Page:Popular Science Monthly Volume 41.djvu/788

From Wikisource
Jump to navigation Jump to search
This page has been validated.

are extremely beautiful in their decay. The Seljuk architecture is Persian with a development of its own." Here are mosques, or temples, and a palace constructed with sun-dried brick, which are declared by this high authority to be beautiful even in their decayed condition.

A somewhat similar development was reached in Peru, but with different materials. Squier, in his Land of the Incas, describes the palace of Chimu, where the adobes, or sun-dried bricks, were covered with stucco, on which beautiful arabesques were produced in relief.[1] From these ornaments he calls one of the great apartments the "Hall of Arabesques";[1] of which he speaks in warm admiration, and adds, "No description can give an idea of the character of these rilievos." In describing other ornamentation of the same kind, he says, "Here, as elsewhere, there are traces of color."[2]

I understand that the higher developed condition of this style of architecture in Persia was attained by covering the mud walls with glazed tiles. The tiles, it must be understood, were covered with ornament.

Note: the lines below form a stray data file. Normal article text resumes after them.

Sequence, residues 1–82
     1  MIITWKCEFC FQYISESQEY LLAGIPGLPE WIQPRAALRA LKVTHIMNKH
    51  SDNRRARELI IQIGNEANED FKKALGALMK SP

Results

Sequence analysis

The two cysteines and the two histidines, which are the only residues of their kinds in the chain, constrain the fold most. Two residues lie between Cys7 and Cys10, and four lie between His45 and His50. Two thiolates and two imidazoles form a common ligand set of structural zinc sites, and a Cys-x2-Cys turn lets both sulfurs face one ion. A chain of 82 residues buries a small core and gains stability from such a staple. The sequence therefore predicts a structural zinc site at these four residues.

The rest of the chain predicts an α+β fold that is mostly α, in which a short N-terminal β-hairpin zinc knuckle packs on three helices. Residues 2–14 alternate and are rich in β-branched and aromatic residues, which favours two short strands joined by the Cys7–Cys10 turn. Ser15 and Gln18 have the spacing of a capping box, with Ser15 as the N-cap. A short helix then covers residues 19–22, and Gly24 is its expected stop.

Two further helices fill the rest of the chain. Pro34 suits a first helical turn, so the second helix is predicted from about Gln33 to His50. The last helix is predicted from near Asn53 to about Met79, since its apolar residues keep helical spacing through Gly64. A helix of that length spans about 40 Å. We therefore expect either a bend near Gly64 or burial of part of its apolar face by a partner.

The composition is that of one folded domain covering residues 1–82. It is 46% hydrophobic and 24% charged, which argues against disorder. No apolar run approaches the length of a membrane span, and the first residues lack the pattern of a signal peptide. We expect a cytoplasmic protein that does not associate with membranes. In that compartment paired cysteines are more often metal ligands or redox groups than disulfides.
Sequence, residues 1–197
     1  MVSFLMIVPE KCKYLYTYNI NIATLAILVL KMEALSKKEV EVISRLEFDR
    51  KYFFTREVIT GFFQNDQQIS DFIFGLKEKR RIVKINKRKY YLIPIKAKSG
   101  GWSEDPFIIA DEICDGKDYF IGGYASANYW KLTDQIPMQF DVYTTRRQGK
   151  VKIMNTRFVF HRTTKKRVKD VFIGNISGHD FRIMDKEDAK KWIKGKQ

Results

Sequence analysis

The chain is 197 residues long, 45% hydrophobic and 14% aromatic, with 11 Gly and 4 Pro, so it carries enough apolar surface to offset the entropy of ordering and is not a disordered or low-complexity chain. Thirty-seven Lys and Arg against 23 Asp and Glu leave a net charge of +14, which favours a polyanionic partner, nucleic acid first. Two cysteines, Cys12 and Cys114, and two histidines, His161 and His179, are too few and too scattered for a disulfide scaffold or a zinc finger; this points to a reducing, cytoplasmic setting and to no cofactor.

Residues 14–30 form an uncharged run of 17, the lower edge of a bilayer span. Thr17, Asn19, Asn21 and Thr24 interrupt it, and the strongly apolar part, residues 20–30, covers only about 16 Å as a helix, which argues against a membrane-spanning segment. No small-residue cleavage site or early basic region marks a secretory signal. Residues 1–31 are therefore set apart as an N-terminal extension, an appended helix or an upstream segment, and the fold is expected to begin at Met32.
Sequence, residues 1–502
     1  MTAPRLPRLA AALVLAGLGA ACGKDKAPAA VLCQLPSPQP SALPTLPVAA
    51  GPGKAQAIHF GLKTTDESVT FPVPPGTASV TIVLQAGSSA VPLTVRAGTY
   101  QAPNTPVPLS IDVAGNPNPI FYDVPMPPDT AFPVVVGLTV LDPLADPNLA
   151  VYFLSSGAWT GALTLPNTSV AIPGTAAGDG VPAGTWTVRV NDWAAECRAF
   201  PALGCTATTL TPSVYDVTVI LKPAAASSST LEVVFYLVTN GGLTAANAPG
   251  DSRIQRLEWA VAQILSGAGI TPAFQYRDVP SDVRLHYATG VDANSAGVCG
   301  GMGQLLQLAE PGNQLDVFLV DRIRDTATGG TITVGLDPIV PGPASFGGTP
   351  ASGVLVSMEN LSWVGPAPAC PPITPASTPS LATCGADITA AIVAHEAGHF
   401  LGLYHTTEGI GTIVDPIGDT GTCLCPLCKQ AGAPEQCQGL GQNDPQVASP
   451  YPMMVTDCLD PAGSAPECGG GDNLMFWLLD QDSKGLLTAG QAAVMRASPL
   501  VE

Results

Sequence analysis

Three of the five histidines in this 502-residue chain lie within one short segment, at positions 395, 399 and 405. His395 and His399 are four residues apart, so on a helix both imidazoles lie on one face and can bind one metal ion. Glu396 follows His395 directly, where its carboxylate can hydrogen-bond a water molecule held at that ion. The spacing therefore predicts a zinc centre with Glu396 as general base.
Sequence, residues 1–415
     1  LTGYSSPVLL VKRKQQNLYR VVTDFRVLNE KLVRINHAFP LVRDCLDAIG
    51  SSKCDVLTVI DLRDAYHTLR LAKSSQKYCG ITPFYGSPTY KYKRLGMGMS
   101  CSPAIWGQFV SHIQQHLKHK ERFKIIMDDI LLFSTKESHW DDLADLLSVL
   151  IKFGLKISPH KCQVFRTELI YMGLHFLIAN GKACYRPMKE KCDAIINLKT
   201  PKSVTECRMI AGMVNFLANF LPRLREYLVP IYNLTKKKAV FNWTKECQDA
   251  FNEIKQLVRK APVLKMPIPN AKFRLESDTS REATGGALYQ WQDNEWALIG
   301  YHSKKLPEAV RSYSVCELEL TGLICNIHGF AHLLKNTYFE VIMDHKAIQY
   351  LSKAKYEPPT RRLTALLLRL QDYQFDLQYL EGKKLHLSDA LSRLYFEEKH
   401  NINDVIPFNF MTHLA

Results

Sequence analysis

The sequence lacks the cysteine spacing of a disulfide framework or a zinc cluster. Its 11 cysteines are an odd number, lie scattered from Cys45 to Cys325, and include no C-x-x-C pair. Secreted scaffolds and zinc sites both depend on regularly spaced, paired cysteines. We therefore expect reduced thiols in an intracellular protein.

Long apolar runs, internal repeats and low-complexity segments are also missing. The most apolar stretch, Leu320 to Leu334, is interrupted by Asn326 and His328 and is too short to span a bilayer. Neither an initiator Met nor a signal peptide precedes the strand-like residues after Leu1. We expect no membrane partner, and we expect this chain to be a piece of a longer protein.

The interior of a mud building may also be decorated with glazed tiles; but in Persia gatch, or gypsum, is plentiful, and where ornament is required it is much used. In an old tomb, at Sarrakhs, I saw some particularly good ornament in this material; and it appeared to me to be all hand-work. I chanced to come upon one room that impressed me with the capabilities of this manner of decoration. It was at a place called Mazinan, on the first march eastward within the Khorassan frontier. There appeared to be the remains of more than one town here; I strolled over to that which was nearest, and found that it was all formed of mud. The mass forming the mound was artificial, for I found bits of red burned bricks or vessels imbedded in it. The top was a curious maze of rooms, courts, stairs, and roofs, much of it in a tumble-down condition. The solid mass of mud or earth was about twenty feet high, and the houses were above that; still, they were not all on the same level, for I went up and down short flights of steps. The whole was of mud or sun-dried bricks. The mud must have been carefully put on at first, but the high finish was produced by gatch, or gypsum. There were very handsome niches all round the walls, and the fireplace had been elaborate, but some act of destruction had taken place, and the fragments lay on the floor where they had fallen. The ornament was simple; there were some slight moldings on the space between the niches. Lines had been drawn into the gypsum, and an ornament

  1. 1.0 1.1 Peru, or the Land of the Incas, p. 135.
  2. Ibid., p. 154; also at p. 411.